• Acne Treatment

Some studies have shown that zinc can help to prevent acne breakouts and accelerate the healing of lesions. It is recommended to take 30mgs of zinc picolinate twice daily for one month and then reduce it to 30mgs once a day. Zinc picolinate is more easily absorbed than other zinc supplements.

  • Premenstrual Syndrome

Studies have shown that zinc supplements may be of benefit for some women in treating symptoms of premenstrual syndrome. Many women find relief from abdominal cramps, mood swings and breast tenderness associated with the menstrual cycle. Zinc deficiency is also common in pregnant women and can adversely affect the fetus causing low birth weight, premature birth, congenital abnormalities and delivery complications. If you are pregnant, talk to your doctor about taking a zinc supplement to reduce these risks.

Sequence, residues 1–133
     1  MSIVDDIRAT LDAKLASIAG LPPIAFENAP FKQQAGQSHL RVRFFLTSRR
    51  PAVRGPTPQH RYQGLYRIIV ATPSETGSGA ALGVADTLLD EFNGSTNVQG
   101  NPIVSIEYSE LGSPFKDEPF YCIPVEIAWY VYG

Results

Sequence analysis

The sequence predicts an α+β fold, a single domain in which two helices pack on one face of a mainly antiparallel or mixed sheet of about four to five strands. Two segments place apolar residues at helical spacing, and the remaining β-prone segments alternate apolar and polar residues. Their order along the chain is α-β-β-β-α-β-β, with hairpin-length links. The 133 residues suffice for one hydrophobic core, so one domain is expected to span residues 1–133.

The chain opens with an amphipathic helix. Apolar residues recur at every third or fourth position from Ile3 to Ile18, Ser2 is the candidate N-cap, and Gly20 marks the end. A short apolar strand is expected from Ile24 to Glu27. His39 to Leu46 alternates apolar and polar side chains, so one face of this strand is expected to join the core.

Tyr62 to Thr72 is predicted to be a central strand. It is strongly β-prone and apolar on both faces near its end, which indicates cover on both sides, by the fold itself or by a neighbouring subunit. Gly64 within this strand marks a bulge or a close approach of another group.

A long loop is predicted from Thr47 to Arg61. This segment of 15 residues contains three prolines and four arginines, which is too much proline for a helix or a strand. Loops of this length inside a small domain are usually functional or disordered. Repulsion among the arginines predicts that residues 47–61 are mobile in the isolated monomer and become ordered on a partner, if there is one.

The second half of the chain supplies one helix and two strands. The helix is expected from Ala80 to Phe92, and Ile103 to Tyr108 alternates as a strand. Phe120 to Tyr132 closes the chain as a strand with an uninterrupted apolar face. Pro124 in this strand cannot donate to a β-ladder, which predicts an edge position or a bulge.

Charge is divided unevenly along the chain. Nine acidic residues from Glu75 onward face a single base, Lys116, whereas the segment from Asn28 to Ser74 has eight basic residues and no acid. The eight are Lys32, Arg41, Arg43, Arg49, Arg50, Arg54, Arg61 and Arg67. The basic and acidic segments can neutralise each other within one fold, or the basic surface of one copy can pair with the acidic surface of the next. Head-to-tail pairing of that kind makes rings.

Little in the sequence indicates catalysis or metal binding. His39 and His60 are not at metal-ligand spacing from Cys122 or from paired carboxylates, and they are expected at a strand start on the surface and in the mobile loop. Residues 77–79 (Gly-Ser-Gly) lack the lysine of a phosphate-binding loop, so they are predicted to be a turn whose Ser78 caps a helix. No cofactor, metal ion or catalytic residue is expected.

• Treatment for Major Depression

Zinc deficiency is common in people with major depression. A study found that a group of people with major depression, who were given 25mg of zinc per day compared to a placebo group, significantly improved their symptoms of depression on two different depression scales. It should be noted that both groups continued their anti-depressant medication whilst participating in this study. If you suffer from depression, talk to your doctor about a zinc supplement and try to ensure your diet includes zinc rich foods.

  • Male Fertility Booster

Zinc helps to booster healthy male sperm production and increase testosterone levels. Zinc in the seminal fluid helps to protect sperm from bacteria and chromosomal damage. Zinc deficiency is common in men with impotence, infertility and other reproductive problems. Taking a 10mg supplement of zinc per day has shown to be effective in treating these fertility disorders.

  • Eye Health